History Colorado Awarded $2.2 Million for Ute Project

Ute Encampment site near Denver. Photographed by William Henry Jackson (1843-1942) during the Hayden Geological Survey of 1874. Credit: History Colorado.
Ute Encampment site near Denver. Photographed by William Henry Jackson (1843-1942) during the Hayden Geological Survey of 1874. Credit: History Colorado.

National Science Foundation Awards $2.2 Million to History Colorado for Collaborative Project on Ute Indian Traditional Scientific Knowledge

Released by Brooke Gladstone, History Colorado

On September 23, 2016, History Colorado announced that it had been awarded a $2.2 million grant from the National Science Foundation’s Advancing Informal STEM Learning program. The project explores the integration of Native American knowledge with Western science, technology, engineering and math (STEM).

“Congratulations to History Colorado on receiving recognition from the National Science Foundation,” said Gov. Hickenlooper. “History Colorado is leading the way in innovative methods to collaborate with the tribes, and this grant offers a terrific opportunity for teachers, students and the tribes to continue partnering.”

The five-year grant will engage 128,000 STEM learners, educators, and experts across Colorado and Utah in: cutting-edge archaeological and ethnobotanical field work;  interactive exhibits and videos; public programs for families and adults; statewide K-12 education outreach programs, digital badges, and teacher training; and findings for museums, tribes, and scientists.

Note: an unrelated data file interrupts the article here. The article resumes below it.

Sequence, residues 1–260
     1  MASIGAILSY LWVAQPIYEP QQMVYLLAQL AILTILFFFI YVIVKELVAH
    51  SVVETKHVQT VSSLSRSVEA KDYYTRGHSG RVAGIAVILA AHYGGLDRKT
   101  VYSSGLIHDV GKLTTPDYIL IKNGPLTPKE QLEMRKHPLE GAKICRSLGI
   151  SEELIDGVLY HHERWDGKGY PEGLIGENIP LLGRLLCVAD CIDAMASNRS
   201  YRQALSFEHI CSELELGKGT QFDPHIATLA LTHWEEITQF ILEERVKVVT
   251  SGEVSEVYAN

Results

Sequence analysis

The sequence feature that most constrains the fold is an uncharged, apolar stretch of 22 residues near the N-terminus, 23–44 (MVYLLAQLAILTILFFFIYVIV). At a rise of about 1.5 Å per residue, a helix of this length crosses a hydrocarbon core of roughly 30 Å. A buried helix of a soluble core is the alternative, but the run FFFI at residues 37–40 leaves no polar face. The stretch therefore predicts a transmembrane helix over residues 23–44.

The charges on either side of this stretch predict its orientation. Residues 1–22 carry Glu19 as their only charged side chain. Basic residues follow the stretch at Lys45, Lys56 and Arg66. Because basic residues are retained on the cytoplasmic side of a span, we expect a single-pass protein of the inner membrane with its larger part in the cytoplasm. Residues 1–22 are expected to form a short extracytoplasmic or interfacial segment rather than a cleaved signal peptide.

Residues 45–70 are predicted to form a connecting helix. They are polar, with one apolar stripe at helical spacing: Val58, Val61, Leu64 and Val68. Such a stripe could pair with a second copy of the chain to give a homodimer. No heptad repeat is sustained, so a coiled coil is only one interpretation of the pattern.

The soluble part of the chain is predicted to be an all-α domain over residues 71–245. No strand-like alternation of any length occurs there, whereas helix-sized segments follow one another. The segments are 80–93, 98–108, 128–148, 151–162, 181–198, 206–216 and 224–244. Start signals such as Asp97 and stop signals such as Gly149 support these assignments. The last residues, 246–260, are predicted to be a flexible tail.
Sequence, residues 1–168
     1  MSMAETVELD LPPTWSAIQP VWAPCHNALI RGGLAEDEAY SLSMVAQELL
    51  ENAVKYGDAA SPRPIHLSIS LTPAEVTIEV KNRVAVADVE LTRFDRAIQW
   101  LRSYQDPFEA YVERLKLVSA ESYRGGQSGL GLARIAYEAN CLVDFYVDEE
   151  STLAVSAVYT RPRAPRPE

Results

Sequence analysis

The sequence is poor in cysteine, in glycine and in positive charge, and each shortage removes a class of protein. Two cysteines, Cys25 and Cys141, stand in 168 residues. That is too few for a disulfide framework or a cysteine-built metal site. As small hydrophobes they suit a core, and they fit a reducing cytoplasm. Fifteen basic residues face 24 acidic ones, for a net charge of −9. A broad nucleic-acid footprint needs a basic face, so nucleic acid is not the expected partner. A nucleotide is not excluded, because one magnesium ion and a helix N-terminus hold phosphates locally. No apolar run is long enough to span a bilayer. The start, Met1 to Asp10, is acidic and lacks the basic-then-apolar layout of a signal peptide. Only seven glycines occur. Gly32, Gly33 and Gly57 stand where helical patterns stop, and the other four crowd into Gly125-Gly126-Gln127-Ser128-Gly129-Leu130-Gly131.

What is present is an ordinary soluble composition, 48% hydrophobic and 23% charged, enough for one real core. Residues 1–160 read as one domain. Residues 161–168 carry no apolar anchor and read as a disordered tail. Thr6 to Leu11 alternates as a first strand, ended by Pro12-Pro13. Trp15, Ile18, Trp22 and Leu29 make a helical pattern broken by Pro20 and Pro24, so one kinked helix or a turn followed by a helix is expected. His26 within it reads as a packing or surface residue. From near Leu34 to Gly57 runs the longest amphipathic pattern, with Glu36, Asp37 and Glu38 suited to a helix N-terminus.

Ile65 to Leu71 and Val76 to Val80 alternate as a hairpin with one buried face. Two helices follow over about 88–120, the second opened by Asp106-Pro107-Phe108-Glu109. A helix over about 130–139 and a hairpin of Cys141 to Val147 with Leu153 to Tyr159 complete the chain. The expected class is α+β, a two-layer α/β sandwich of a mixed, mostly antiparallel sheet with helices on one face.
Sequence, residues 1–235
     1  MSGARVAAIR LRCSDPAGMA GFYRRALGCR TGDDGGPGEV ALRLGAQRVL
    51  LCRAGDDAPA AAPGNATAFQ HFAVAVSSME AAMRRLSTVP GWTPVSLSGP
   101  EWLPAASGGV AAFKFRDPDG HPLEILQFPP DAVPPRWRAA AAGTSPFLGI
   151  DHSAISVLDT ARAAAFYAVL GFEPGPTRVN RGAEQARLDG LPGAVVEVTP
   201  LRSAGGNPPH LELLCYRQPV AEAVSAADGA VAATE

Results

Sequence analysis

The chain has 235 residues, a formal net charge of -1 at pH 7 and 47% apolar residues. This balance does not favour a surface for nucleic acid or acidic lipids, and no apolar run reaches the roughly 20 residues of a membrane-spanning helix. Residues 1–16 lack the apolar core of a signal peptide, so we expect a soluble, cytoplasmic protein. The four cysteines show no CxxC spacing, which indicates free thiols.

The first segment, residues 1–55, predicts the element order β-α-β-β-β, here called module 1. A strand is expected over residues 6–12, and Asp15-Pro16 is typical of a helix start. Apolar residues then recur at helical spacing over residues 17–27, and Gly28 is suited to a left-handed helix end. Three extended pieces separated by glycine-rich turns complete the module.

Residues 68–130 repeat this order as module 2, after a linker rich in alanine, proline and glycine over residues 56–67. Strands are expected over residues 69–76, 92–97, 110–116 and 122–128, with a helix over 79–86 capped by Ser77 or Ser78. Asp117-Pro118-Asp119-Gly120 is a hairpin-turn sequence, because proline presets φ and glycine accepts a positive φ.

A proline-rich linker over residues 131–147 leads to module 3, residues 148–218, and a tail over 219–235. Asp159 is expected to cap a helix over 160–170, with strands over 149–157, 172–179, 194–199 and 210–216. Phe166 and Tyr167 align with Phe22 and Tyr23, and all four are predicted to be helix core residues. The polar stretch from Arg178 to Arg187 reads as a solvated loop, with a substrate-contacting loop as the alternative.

Ute STEM expands on successful collaborations between History Colorado, the three Ute Tribes, and scientist partners. Representatives of the Ute Mountain Ute Tribe, the Southern Ute Tribe, and the Ute Indian Tribe— Uintah and Ouray Reservation will participate in all aspects of the project. The Dominguez Archaeological Group and ethnobotanist Kelly Kindscher, of University of Kansas, bring extensive experience to this project.

These programs are designed to provide rural residents with increased STEM experiences. Key audiences include Ute elders and youth at the three Ute reservations, as well as K-12 students, families, and adults in Colorado and Utah counties. The project will foster partnerships with History Colorado museums, tribal education departments, local school districts, libraries, museums, and environmental education organizations.

“This project offers a unique approach to interpretation of Ute history by focusing on science and acknowledging Ute use of science in conjunction with traditional knowledge,” said Ernest House Jr., Colorado Commission of Indian Affairs. “The field work may interest some Ute youth in pursuing careers in science and in learning more about their own culture.”

Ute STEM will highlight Ute peoples’ systematic knowledge of plants, engineering of shelters, mathematical patterns in beadwork, and sound amplification for music and dance. Traditional Ecological Knowledge (TEK) is the knowledge, innovations and practices of indigenous peoples, developed from experience and passed down over centuries. Ute STEM will demonstrate that TEK and western STEM fields are complementary approaches to scientific understanding. History Colorado will provide an innovative collaboration model for history museums, tribes, and scientists.

On September 27, 2016, 12:40pm, a special media event will be held at the History Colorado Center, 1200 Broadway, Denver CO. Gov. John Hickenlooper and Ernest House Jr. will be on-site engaging with elementary school students participating in Ute STEM activities.

For more information on History Colorado, visit their website at www.historycolorado.org.

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